I have left the (now) top side of the keel rough with the repair incomplete on purpose until I can answer this question.

    Do I epoxy & fillet the centerboard box in place? Is that enough? (The forward post on the box fastens to the coaming of the cockpit with brackets to help with torquing).

    Or, do I cut a rabbit in the footing/bedlog of the centerboard box, install a flange that extends to the full width of the keel/centerboad box interface (this will give me a flat of 3/4" to work with), continue the repair of the keel to a smooth mating surface, and fasten it in with lag bolts into the 3/4" keel and 1/2" keelson with an appropriate glue/sealant as best I can. Like this...

    [​IMG]

    Or, so I do a hybrid install with a flange, fasteners and epoxy? Making the new mounting flange just a bit - 1/16"? - deeper to allow for epoxy with milled fibers between the keel and the centerboard foot/bedlog so I don't have an epoxy-starved joint?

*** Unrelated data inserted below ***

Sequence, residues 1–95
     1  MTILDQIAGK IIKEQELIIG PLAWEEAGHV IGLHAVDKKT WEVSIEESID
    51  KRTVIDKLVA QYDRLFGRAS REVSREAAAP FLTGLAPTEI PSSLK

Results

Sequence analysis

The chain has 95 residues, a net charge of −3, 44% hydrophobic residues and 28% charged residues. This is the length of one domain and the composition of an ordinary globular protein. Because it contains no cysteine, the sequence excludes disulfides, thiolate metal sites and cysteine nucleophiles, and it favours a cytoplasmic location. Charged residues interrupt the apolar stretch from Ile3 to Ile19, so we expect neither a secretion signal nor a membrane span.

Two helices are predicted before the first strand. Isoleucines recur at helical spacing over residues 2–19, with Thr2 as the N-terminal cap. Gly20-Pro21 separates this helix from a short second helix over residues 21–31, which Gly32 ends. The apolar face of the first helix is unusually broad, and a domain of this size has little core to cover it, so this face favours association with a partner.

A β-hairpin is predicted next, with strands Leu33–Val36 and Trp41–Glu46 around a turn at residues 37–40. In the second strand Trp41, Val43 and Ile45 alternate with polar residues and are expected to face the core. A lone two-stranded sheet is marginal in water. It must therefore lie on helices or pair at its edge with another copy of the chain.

If anyone has stuck with me this long, bless you, but I would appreciate any input as i am ready to start in on this soon bu am at a loss of how best to proceed.

    Thanks!
     
  2. messabout
    Joined: Jan 2006
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    Location: Lakeland Fl USA

    messabout Senior Member

    Good looking little boat OrcaSea. You can count yourself as a hero for restoring her as far as you have gone.

    I would think to do a small rabbet to set the box into the keelson. Probably not necessary but good craftsmanship in any case. I would prefer to have some sort of bracing that connects the top of the box to the floor cross member. A simple pair of triangular shaped gussets will probably suffice. The board is a sort of lever that will place a sideways load on the top of the case, so some reinforcement is in order there. Some boats have a seat at the case (box) location that secures the top of the case from torque loading.
     
  3. philSweet
    Joined: May 2008
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    Location: Beaufort, SC and H'ville, NC

    philSweet Senior Member

    Will the boat have floorboards over the frames? Will it have a kicking straps?